All such map and other images are then very easy to make usable in the traditional classroom. If I'm not in a classroom wired for computers, I just open a word processing page, import my chosen map images into it, resize them for maximum effect, and use an inkjet printer to print the resulting page out on transparency film. You do have to be careful to use transparency film specifically intended for inkjet printers; this kind has a slightly rough surface to which the ink sticks fairly well. If I want to draw on the resulting images, I'm also careful to put a smooth protective film layer over it, to keep the map ink from smearing. Often several images can be combined on one piece of film, and the whole file saved to pass on to colleagues or for future modification. It's even easier if your classroom is set up to project PowerPoint shows,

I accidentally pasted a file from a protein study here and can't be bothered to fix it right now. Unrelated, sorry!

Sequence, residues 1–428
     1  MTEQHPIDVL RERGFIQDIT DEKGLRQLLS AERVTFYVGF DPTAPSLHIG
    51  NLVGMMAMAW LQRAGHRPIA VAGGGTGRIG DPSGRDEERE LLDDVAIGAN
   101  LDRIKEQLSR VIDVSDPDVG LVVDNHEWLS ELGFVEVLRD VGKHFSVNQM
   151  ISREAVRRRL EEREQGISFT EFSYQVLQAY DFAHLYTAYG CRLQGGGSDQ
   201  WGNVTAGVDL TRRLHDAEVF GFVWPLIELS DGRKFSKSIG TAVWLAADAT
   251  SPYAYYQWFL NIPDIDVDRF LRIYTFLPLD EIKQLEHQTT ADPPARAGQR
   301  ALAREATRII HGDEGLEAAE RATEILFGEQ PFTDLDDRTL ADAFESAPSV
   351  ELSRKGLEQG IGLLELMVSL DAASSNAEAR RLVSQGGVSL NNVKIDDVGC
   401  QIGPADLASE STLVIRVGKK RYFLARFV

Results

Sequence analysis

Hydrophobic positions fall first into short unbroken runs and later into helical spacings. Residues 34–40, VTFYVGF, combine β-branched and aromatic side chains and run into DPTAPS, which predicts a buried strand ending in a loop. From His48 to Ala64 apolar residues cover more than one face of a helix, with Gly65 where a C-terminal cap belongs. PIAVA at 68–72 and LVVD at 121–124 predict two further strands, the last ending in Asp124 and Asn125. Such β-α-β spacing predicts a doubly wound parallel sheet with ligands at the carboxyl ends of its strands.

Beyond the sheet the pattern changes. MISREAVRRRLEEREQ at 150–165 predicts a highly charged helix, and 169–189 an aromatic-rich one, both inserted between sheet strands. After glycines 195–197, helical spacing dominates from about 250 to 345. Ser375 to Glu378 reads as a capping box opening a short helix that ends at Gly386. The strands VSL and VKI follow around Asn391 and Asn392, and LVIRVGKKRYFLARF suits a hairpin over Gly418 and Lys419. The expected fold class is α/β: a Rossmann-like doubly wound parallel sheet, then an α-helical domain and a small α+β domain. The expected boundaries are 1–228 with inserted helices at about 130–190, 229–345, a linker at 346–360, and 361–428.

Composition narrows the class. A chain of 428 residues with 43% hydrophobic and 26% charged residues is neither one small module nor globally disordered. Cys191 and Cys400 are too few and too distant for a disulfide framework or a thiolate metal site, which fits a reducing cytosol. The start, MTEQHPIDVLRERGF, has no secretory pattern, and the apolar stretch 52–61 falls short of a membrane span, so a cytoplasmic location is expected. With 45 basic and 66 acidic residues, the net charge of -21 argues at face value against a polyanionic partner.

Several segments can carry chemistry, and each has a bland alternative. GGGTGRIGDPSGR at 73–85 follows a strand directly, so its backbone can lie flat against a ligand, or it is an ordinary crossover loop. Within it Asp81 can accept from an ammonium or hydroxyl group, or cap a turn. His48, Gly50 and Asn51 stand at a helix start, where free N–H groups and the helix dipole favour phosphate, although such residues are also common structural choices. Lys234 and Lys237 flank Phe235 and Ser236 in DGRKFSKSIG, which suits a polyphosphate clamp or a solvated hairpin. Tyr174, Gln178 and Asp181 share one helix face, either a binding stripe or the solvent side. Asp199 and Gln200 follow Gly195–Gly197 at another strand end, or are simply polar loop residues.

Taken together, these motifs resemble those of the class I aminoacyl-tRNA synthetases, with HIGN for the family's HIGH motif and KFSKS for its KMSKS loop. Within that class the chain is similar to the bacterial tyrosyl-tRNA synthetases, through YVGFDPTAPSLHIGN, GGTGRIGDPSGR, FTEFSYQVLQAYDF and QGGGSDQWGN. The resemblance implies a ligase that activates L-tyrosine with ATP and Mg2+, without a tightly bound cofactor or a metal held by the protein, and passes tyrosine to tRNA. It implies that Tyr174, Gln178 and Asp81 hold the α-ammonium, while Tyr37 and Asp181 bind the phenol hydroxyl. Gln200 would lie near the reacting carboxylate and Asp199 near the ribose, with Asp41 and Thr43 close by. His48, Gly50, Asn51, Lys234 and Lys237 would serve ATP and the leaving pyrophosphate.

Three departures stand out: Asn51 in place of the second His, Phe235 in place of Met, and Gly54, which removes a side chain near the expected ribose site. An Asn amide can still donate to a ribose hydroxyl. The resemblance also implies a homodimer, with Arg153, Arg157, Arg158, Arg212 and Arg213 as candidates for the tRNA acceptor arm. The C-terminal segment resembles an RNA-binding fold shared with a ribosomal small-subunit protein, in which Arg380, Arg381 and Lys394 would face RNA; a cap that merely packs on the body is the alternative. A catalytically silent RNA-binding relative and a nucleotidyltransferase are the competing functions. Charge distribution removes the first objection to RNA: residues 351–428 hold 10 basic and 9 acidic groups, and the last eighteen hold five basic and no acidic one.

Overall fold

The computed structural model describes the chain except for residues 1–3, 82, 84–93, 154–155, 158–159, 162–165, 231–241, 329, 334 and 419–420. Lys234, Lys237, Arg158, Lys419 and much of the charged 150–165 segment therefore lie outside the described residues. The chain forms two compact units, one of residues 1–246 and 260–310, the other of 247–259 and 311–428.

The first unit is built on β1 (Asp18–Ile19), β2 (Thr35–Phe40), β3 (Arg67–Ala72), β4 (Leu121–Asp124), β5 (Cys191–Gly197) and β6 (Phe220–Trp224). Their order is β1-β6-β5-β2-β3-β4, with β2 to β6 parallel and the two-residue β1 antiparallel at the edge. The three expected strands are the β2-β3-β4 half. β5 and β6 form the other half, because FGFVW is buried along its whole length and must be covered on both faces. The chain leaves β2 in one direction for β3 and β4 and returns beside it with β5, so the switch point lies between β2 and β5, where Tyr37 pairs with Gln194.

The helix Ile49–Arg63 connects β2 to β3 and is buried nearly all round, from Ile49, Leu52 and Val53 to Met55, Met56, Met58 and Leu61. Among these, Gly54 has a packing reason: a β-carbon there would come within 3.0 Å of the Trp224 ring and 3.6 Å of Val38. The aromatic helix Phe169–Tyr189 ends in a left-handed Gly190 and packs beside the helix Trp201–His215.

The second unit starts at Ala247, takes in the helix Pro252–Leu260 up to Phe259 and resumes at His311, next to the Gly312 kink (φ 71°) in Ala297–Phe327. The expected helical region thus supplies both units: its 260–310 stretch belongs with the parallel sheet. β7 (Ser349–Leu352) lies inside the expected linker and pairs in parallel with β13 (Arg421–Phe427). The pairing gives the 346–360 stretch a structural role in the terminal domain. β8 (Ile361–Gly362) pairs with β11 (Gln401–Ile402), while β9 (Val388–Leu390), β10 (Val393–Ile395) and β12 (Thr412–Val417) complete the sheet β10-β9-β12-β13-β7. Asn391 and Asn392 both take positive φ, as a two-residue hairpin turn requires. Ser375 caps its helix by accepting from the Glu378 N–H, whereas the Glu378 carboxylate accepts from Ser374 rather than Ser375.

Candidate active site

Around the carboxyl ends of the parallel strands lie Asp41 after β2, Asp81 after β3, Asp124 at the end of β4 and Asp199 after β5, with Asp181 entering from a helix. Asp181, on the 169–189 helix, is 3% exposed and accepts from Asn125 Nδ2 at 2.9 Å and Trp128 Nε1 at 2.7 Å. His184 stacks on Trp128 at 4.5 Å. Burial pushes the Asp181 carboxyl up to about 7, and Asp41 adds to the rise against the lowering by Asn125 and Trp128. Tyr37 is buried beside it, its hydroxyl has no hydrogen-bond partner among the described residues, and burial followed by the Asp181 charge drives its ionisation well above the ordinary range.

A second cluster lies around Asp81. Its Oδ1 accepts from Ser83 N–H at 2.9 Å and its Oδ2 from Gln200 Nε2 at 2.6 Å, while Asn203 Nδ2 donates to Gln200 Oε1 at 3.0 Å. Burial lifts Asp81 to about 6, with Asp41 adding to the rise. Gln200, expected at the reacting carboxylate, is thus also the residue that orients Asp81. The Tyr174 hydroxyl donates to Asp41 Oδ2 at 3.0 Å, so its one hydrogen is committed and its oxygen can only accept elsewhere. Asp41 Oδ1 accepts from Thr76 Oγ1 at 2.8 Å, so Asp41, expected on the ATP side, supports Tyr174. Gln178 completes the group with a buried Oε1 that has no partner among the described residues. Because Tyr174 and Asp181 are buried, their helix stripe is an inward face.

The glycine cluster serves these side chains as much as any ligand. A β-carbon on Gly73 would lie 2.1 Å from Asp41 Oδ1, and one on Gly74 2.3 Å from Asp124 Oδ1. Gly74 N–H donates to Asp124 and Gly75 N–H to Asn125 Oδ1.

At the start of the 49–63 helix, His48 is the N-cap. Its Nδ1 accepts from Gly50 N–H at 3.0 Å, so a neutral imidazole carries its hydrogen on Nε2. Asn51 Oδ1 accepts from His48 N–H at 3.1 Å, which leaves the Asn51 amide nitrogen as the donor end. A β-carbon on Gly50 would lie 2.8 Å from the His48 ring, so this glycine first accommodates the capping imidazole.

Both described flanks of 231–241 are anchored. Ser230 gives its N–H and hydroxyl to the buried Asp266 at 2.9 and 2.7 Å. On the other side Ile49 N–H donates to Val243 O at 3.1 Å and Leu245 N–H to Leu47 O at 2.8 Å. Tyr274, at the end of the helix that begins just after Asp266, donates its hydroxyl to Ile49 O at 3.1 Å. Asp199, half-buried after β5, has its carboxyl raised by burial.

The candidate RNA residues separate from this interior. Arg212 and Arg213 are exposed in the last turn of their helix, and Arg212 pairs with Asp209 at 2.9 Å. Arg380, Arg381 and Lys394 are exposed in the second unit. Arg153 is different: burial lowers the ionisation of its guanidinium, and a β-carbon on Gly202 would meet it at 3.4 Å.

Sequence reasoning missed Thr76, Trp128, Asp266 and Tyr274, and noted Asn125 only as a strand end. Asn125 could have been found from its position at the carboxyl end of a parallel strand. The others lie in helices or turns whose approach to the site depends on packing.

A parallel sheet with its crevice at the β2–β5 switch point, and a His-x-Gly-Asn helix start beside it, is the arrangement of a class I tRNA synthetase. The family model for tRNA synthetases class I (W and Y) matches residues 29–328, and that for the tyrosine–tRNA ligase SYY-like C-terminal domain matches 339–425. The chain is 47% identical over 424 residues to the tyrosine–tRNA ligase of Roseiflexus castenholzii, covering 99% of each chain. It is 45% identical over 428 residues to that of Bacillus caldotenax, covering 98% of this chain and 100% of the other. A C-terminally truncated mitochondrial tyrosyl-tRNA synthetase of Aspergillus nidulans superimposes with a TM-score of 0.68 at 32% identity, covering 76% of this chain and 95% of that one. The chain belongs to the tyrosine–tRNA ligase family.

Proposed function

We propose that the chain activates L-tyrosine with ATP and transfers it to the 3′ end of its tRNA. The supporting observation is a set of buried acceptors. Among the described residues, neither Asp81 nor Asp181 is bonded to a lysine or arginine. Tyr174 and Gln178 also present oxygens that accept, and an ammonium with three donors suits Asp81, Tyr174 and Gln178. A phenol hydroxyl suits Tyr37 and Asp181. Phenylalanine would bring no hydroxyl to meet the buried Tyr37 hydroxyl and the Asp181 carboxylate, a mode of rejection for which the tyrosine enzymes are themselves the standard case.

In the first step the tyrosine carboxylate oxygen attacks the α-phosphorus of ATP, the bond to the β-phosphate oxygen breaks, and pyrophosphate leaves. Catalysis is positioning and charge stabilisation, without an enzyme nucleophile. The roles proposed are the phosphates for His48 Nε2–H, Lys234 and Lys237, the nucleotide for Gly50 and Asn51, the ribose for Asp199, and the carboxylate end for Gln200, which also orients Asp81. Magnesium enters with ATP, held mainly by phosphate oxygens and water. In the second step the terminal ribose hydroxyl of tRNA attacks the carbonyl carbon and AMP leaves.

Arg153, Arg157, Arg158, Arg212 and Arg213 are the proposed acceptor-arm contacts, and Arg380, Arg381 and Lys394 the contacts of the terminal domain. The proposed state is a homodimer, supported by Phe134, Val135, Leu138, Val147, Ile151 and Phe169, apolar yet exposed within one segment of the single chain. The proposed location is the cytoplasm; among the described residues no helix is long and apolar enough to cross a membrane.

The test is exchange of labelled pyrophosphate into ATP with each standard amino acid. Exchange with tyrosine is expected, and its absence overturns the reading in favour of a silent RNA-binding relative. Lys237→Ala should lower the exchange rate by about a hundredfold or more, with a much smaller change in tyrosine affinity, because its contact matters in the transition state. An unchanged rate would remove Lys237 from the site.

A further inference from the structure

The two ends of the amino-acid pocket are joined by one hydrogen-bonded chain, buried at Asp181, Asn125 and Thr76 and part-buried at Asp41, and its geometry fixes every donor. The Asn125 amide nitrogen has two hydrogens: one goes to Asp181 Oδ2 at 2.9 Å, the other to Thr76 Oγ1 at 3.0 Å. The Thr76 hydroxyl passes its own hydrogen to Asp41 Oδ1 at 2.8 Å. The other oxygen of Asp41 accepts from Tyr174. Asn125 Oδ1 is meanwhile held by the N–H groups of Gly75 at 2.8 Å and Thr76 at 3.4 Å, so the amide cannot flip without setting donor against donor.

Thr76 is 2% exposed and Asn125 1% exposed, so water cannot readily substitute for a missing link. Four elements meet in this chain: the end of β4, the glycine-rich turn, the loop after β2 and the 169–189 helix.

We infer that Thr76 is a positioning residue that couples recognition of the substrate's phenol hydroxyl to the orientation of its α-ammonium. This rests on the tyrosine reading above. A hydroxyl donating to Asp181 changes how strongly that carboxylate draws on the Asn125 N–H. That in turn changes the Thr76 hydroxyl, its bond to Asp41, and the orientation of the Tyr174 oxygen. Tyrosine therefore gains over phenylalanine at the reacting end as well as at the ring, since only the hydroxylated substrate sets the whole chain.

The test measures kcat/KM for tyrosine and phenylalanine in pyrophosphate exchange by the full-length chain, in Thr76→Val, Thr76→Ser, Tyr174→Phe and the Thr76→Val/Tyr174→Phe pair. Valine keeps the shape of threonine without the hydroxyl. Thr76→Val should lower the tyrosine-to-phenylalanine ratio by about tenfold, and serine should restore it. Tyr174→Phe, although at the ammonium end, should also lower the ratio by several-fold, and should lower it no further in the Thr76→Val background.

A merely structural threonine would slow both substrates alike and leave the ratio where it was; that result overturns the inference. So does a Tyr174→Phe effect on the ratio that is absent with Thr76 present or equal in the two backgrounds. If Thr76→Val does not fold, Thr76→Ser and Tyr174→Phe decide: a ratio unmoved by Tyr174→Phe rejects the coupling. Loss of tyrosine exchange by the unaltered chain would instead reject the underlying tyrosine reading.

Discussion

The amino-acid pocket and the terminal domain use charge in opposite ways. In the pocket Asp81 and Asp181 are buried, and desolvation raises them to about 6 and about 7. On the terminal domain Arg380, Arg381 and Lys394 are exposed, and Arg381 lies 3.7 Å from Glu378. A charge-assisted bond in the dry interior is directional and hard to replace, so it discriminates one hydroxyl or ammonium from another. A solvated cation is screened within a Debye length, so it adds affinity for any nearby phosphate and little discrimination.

Why Go Beyond Existing On-line Digital Maps?

If capturing and showing existing maps in the low-tech classroom is so easy, why take the time and trouble to use more complex computer equipment and software to make other ones? For anyone wanting to put materials up on the web, the first -and  very compelling - reason is legal. My university has now adopted the policy that all online classes, even though password protected, may not include substantial pieces of anyone's intellectual property without clear permission to use it. That means I can't include, without permission or clear evidence that it is copyright-free, any images either copied from the web or scanned in from print sources. Intellectual property rights also mean that I shouldn't put up on the open web anything copyright protected, including those images found on other websites.